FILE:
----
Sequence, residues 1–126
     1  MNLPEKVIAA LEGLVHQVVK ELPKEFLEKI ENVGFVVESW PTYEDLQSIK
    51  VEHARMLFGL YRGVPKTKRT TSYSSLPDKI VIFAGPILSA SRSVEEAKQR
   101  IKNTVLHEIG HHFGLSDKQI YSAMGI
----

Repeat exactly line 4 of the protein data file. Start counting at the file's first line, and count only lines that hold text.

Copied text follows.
   101  IKNTVLHEIG HHFGLSDKQI YSAMGI